We settled into a table on the cobblestone street and selected a tasty lunch feast. Since we knew we still had hours of walking, in very European style we added a bottle of rosé wine.
We ate slowly and enjoyed the delicious food. It was great to relax for lunch on our day trip to Evora in Alentejo. When we got back up we were energized and continued wandering the city streets.
Heading To The Chapel Of Bones
Our next stop was the Chapel of Bones (or the Capela dos Ossos). We visited bone churches in many different spots in Italy. So we were drawn to visit the one in Evora.
The Chapel was built by Franciscan monks in the 13th century. At the time, the graveyards were so crowded that old graves were exhumed to make way for new bodies. Not wanting to condemn the souls of the people exhumed, the monks chose to build the Chapel and relocate the bones. Over 5,000 corpses decorated the walls of the chapel.
We headed to the Igreja de Sao Francisco. This National Monument was one of the most impressive monuments built in the Gothic and Manueline (Portuguese Gothic) style. We peeked in for a quick look but did not have time to spend more time in the church or the museum.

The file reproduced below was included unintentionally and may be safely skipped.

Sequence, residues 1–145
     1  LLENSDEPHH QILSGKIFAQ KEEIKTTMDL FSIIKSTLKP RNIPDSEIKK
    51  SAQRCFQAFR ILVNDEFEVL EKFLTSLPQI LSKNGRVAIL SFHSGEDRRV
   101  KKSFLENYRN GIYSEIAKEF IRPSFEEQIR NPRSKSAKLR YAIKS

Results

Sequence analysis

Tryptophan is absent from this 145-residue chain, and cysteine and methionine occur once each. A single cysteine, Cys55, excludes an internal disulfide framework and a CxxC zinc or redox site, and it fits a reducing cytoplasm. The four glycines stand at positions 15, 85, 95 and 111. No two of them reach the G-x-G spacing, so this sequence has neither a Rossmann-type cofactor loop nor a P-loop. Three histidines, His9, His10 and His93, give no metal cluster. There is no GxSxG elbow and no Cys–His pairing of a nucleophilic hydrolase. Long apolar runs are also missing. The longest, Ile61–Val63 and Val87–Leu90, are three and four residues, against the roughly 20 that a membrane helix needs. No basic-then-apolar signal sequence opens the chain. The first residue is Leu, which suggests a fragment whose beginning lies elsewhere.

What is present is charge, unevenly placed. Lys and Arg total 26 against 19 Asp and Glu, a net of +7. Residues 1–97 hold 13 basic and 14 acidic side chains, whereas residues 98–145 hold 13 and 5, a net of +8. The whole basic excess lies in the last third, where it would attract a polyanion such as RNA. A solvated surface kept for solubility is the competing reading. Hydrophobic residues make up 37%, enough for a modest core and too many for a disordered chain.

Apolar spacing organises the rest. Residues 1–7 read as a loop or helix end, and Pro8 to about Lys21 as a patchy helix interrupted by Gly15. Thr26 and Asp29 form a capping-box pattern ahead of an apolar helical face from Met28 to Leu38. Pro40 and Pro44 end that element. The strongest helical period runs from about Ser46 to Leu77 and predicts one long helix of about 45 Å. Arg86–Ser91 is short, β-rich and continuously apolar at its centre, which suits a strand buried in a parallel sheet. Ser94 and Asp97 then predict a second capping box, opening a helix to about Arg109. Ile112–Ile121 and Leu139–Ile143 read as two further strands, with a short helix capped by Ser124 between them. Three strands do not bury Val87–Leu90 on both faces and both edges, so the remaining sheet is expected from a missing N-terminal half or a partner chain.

When we headed inside the door marked for the Chapel of Bones we were in one of the small chapels of the church. A beautiful altar with a stunning gold ceiling was the first thing we saw. And even though it was not the Christmas holiday season, we saw a Nativity scene with intricate detail.
This foyer for the Chapel of Bones was decorated with traditional Portuguese tiles. Some were geometric and other religious in design.
We waited until a group of people exited and went into the Chapel of Bones.
Inside The Capela dos Ossos
We were told that the Chapel of Bones was meant to make visitors meditate about life and death and the undeniable presence of death. This was made clear when we saw the message above the door … “Nós ossos que aqui estamos, pelos vossos esperamos,” or “We bones, are here, waiting for yours.”